NOT SO FAST!!! Er... I mean, it isn’t hard at all. Sorry, I had you all set for a contradiction, but really, The Sims is not a tough game. It is clearly targeted at the casual gamer; i.e. the people who buy titles such as Myst, Rollercoaster Tycoon, and Barbie Magic Hair Styler. The routine of The Sims will appeal greatly to these casual gamers, but the tedium will alienate and imprison hardcore gamers who will figure out the gameplay mechanics within an hour.
What do I mean by this? Well, The Sims is almost entirely routine “busy work” (to bring back a fifth grade term from the dead) with little deviation. You wake up, fulfill your needs by eating and using the toilet, go to work, develop skills, fulfill some more needs, then go to bed, then repeat the same cycle until you get bored of playing. It’s very tedious, and sadly, accurately reflects real life. Casual gamers will be pleased as they rocket up the professional ladder, acquiring spouses and toasters, and constantly finding trivial ways to rearrange their furniture.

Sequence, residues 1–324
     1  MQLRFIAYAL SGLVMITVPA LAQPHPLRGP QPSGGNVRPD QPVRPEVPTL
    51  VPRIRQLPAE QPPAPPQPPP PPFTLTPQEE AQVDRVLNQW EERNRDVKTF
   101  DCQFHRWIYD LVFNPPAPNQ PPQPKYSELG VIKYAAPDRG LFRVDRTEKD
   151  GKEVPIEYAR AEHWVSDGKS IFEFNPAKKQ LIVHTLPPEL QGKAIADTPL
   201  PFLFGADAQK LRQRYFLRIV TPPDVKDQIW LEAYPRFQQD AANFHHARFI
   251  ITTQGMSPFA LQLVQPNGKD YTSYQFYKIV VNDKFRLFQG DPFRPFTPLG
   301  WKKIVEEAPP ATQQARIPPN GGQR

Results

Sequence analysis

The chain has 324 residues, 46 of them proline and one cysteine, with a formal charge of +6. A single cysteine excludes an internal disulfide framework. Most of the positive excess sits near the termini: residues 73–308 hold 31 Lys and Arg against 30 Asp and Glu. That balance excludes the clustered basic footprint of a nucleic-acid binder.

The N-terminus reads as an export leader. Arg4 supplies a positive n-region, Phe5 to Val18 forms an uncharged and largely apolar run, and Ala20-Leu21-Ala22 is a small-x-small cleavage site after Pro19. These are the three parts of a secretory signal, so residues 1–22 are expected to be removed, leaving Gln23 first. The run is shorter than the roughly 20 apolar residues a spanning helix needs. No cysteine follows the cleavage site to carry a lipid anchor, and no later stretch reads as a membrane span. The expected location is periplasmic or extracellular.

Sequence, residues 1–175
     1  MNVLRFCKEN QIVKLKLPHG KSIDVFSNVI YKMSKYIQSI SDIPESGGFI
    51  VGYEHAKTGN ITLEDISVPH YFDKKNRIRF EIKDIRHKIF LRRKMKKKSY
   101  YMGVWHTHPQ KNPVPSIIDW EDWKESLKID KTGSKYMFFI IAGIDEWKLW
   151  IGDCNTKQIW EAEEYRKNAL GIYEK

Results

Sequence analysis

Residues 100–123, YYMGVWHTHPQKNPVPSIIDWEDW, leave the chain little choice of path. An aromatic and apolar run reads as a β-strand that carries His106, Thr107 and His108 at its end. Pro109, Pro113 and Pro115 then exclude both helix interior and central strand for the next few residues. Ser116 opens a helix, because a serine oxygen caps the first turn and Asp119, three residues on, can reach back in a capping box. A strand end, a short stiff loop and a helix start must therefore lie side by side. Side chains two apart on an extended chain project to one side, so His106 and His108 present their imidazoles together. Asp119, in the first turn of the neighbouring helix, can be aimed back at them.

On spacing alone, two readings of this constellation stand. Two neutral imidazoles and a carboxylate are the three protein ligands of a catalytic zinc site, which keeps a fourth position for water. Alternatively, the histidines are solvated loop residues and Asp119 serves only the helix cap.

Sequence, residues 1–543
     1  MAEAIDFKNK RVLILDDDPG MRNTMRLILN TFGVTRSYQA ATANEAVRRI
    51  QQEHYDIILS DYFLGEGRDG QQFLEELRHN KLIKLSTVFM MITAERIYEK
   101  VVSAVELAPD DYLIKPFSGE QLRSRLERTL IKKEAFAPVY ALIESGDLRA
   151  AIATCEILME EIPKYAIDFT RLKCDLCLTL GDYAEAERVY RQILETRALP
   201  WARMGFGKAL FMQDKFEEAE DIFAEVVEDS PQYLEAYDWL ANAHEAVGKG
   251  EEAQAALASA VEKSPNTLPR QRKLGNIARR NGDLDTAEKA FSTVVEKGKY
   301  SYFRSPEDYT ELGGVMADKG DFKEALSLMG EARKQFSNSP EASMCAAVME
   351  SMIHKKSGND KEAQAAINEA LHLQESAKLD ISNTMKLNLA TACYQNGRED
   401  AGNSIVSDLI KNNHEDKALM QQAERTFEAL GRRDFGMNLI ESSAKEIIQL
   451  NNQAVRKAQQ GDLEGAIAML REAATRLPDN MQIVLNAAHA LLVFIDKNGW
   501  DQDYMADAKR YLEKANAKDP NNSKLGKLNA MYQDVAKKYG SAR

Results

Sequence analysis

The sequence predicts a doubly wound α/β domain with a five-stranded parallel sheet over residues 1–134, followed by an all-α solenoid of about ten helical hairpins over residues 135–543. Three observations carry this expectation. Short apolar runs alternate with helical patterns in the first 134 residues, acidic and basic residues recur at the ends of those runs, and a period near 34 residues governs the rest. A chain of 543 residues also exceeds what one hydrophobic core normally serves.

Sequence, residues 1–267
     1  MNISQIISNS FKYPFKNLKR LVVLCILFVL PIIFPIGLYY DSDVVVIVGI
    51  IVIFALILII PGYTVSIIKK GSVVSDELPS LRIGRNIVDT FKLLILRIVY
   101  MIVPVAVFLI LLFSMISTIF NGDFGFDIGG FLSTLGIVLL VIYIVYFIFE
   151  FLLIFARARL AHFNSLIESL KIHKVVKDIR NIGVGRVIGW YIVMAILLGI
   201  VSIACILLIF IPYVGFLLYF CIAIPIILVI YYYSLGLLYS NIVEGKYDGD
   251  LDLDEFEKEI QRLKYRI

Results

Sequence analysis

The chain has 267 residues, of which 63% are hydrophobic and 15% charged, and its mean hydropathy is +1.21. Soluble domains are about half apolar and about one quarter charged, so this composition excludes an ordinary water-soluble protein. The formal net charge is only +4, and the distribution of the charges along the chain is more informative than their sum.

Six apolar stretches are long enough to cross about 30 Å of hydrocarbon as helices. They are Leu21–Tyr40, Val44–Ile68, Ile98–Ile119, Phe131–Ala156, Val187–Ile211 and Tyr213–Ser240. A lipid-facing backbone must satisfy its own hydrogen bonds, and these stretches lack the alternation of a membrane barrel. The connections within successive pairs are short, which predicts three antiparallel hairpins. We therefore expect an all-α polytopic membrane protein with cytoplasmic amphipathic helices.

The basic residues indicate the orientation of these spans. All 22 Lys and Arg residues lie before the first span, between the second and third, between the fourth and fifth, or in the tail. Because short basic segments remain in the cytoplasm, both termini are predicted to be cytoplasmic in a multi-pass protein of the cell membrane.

Hardcore gamers, on the other hand, will be frustrated with how entrenched the gameplay is. Once you pick a career, you can not change to another. Advancement in your career requires that you mindlessly babble with other neighbors, regardless of what your career actually entails. There is little to break the routine of “needs” tasks, outside of random phone calls and surprise burglaries. The Sims mimics life partially, reproducing the trivialities perfectly, but unable to grasp the deep emotional attachment that gives life meaning.